The Senate amendment provides that a presumption shifts to the party against whom it is directed the burden of going forward with evidence to meet or rebut the presumption, but it does not shift to that party the burden of persuasion on the existence of the presumed fact. Under the Senate amendment, a presumption is sufficient to get a party past an adverse party's motion to dismiss made at the end of his case-in-chief. If the adverse party offers no evidence contradicting the presumed fact, the court will instruct the jury that if it finds the basic facts, it may presume the existence of the presumed fact.
If the adverse party does offer evidence contradicting the presumed fact, the court cannot instruct the jury that it may presume the existence of the presumed fact from proof of the basic facts.
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The court may, however, instruct the jury that it may infer the existence of the presumed fact from proof of the basic facts. In a civil case, state law governs the effect of a presumption regarding a claim or defense for which state law supplies the rule of decision. A series of Supreme Court decisions in diversity cases leaves no doubt of the relevance of Erie Railroad Co. Tompkins , U. These decisions are Cities Service Oil Co.
Dunlap , U. Hoffman , U. They involved burden of proof, respectively, as to status as bona fide purchasers, contributory negligence, and non-accidental death suicide of an insured. In each instance the state rule was held to be applicable. It does not follow, however, that all presumptions in diversity cases are governed by state law.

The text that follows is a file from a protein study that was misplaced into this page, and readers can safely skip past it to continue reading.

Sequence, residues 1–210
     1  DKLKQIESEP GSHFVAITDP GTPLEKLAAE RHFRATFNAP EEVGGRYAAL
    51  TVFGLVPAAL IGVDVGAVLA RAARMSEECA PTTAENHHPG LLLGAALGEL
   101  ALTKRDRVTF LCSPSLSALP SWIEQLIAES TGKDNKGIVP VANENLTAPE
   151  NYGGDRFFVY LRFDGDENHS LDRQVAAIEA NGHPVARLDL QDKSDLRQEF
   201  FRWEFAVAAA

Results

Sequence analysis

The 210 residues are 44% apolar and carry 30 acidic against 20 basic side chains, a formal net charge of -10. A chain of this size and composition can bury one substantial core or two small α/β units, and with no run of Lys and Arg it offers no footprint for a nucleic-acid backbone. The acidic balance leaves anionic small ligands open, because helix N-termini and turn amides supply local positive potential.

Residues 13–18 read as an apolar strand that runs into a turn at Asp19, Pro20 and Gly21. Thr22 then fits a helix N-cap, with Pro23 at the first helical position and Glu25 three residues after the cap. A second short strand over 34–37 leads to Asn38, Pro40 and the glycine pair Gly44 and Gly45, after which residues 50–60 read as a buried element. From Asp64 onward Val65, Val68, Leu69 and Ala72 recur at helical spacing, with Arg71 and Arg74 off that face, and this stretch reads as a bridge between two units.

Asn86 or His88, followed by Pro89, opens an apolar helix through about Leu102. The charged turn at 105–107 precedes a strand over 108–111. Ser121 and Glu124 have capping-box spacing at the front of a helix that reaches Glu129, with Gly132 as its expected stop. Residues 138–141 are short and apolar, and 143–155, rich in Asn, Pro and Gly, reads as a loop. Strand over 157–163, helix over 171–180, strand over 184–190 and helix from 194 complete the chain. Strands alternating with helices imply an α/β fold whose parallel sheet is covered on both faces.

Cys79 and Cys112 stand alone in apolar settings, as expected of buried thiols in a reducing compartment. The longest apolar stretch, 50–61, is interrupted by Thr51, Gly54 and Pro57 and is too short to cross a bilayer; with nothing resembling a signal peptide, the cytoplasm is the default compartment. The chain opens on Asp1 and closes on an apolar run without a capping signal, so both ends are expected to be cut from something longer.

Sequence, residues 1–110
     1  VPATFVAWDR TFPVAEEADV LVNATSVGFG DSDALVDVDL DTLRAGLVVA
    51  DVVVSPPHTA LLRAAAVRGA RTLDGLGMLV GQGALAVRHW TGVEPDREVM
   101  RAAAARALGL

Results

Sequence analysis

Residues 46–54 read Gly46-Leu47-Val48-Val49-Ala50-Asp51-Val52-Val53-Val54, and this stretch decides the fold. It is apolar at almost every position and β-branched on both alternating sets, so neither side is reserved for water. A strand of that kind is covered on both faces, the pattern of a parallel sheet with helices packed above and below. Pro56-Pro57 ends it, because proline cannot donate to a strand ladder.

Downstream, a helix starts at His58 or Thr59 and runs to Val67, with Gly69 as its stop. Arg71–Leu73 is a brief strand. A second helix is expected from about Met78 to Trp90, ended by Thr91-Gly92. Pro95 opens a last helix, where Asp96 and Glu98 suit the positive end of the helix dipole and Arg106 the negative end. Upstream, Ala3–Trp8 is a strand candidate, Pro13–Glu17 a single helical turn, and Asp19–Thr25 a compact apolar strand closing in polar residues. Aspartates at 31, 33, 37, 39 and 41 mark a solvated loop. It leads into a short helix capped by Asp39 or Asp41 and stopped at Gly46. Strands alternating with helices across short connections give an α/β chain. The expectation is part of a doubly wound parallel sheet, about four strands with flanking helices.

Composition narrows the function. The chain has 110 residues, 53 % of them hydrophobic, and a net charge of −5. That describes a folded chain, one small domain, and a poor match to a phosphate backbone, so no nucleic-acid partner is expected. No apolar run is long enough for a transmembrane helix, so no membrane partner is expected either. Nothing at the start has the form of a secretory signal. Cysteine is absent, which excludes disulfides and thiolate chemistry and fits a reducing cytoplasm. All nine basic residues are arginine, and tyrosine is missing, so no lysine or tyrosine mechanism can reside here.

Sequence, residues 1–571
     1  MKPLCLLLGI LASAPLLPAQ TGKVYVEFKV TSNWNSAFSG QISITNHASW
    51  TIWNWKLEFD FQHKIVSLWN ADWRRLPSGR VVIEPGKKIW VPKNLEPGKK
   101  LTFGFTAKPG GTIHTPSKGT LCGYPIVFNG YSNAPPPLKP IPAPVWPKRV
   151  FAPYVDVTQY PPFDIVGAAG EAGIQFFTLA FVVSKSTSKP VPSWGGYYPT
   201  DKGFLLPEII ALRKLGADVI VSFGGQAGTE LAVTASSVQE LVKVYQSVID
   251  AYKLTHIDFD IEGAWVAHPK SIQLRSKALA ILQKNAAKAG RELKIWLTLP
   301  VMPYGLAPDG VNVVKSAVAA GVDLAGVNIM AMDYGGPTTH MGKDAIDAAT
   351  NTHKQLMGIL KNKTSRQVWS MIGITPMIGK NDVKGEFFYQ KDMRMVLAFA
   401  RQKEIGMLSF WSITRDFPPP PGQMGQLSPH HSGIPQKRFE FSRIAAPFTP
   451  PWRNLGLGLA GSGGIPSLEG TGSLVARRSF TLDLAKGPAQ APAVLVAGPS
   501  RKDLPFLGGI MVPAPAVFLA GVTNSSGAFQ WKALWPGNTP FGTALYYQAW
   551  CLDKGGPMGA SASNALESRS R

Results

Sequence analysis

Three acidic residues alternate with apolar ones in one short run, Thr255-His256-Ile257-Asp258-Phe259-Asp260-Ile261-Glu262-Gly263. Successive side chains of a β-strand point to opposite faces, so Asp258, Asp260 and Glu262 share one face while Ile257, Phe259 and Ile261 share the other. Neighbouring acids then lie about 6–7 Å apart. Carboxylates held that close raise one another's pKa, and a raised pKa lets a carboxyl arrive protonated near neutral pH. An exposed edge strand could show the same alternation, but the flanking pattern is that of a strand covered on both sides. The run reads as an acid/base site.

In each case cited, the burden of proof question had to do with a substantive element of the claim or defense. Application of the state law is called for only when the presumption operates upon such an element. Accordingly the rule does not apply state law when the presumption operates upon a lesser aspect of the case, i.
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The situations in which the state law is applied have been tagged for convenience in the preceding discussion as "diversity cases. Vestal, Erie R. Tompkins : A Projection, 48 Iowa L. Hence the rule employs, as appropriately descriptive, the phrase "as to which state law supplies the rule of decision. Problems of relevancy call for an answer to the question whether an item of evidence, when tested by the processes of legal reasoning, possesses sufficient probative value to justify receiving it in evidence.